The Case of the Missing I-Pod

My nephews, ages 11 and 13, got new I-Pods for Christmas.  Now I wouldn’t know what to do with an I-Pod if it bit me, but I know the school kids (and my daughter) can’t seem to live without theirs.  I remember my sister telling me, right after Christmas, that the boys were having a great time downloading music.

Then…the older 13-year-old was at a wrestling meet and, instead of giving his I-Pod to his mom to keep because, you know, he’s all grown up and all, he zipped it in his backpack, which was in the hall and went in to wrestle.

It wasn’t there when he got back.

Understandably, his heart is broken.

Now it seems there was this girl in the hallway, who reported that a lost I-Pod had been turned in to the people who run the concession stand.

Except it hadn’t.  They didn’t know anything about it.  Hmmm….sounds suspicious, doesn’t it?

This all happened a couple of weeks ago.  My nephew was upset.  My sister was upset.  Since I work in a school, she asked me what I thought might happen, and I told her that school officials are really pretty good at getting to the bottom of things like this if you give them time.  They have things on their minds other than missing I-Pods, but they get there, in my experience.

I guess they are getting there.  The principal talked to my nephew yesterday and my sister today.  The young lady who was in the hall is the prime suspect.  It appears that she has lied before and been caught.  She’s in a particularly bad situation parent-wise and is living with grandparents.  Who knows what is going on in her head?

The reason I bring all this up is because it needs covered with prayer.  My nephew rides the bus with this girl, and I am sure it is hard for him to treat her as though nothing has happened when he suspects her of stealing from him, so he needs prayer.  More than that, though, so does this girl.  She’s only in junior high.  If she is guilty, she needs prayer that she would feel remorse, confess what she has done, and learn from her mistake.  Even if she isn’t, she needs prayer because she has, for whatever reason, ended up with her grandparents, and I believe her grandparents need prayer because  it must be hard to take your grandchild in and parent her.  They love her enough to have taken her in, but I imagine it’s been a big upheaval in their lives, one that seems to be more and more common.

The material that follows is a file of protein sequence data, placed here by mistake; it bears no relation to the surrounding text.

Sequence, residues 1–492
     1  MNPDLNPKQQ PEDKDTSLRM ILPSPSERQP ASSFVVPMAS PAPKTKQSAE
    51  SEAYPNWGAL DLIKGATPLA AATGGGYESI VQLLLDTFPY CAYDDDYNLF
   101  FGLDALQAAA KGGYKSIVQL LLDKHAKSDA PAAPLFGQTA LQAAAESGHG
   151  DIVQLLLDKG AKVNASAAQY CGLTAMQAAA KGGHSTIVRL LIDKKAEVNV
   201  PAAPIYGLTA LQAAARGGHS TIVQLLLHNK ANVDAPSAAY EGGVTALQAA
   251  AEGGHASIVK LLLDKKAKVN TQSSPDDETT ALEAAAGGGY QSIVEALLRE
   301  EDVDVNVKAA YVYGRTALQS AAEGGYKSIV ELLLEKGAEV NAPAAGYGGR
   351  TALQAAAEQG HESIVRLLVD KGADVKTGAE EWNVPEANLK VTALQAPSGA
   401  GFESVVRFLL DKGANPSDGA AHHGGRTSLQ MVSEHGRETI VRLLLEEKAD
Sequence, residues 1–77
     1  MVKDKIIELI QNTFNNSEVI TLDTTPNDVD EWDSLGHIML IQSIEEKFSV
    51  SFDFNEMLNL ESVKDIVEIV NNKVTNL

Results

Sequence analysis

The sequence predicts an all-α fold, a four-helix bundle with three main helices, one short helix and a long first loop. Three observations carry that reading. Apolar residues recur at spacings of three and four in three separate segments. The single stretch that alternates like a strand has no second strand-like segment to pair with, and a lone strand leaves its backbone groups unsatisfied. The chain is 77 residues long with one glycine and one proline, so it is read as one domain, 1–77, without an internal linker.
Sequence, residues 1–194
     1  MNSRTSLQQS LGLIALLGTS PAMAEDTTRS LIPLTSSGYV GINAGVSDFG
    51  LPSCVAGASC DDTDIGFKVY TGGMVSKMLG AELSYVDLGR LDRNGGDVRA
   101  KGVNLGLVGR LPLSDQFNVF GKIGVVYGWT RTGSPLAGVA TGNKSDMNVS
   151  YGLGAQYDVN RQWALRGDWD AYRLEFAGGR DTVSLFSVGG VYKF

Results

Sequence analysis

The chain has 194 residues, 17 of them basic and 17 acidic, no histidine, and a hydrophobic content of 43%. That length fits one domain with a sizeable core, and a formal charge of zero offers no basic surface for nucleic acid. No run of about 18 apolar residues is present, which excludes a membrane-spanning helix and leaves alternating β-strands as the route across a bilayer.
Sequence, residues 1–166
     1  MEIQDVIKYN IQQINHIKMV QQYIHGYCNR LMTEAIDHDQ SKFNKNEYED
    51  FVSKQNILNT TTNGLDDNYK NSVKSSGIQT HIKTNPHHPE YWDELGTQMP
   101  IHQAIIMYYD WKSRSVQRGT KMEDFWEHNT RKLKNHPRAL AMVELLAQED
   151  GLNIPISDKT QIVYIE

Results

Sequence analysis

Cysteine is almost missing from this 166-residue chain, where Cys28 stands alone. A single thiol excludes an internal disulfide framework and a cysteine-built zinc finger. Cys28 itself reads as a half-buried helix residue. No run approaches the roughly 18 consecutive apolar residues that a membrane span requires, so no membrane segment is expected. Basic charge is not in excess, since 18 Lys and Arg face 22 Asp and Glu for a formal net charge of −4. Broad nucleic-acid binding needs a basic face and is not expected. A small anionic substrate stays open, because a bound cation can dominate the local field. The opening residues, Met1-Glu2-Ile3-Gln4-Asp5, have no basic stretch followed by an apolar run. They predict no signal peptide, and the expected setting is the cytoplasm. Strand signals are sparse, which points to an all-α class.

You would think that the biggest lesson here would for my nephew, that he would learn to lock up his electronics.  He has a cell phone, and my sister says that since his I-Pod disappeared, he does ask her to hold it if he can’t lock it up.  I don’t know if that’s the biggest lesson, though.  I think the biggest lesson might be for him to ride the bus with this girl and be kind to her, no matter what the outcome is.

Advertisements

2 Responses to “The Case of the Missing I-Pod”


  1. 1 writeathome January 30, 2009 at 8:22 pm

    This reminded me of a situation we went through recently involving identity theft with my husband’s credit card. Due to the nature of the things that were ordered and after talking with the police, we feel pretty certain it is someone in our neighborhood. Apparently, it is common for people to get credit card info. from a neighbor, order things with the card, and have it sent to the person’s address. Then, when the mail is delivered, they must try and intercept it before you can get to it. Fortunately, our mail lady brought the first package right to our door, which led us to discover that someone had been using our credit card. Although we feel pretty certain we know who it is, we cannot prove anything. Everything that was ordered was recovered and sent back, and the bank is reversing all the charges. I think our neighbor knew that we were on to her and decided to abort her plan. Anyhow, I decided I’m still going to be nice to her, will still make cookies for her family at Christmas time, etc. I have prayed that if it is this person that she would feel remorse over what she did. I want to handle it the way Jesus would. I know He would not try to get revenge. I will pray that your nephew can handle his situation in the right way. It is sad though, that some people are led to steal, and it’s worse when they get away with it, because it usually leads to them doing it again.

    • 2 Becky January 31, 2009 at 10:10 am

      I am sorry you had to go through that, Carol, and glad that the financial end of things has been resolved. I know your neighbor is better off for your praying. Thanks for your prayers on behalf of the nephew.


Leave a Reply

Fill in your details below or click an icon to log in:

WordPress.com Logo

You are commenting using your WordPress.com account. Log Out / Change )

Twitter picture

You are commenting using your Twitter account. Log Out / Change )

Facebook photo

You are commenting using your Facebook account. Log Out / Change )

Google+ photo

You are commenting using your Google+ account. Log Out / Change )

Connecting to %s





%d bloggers like this: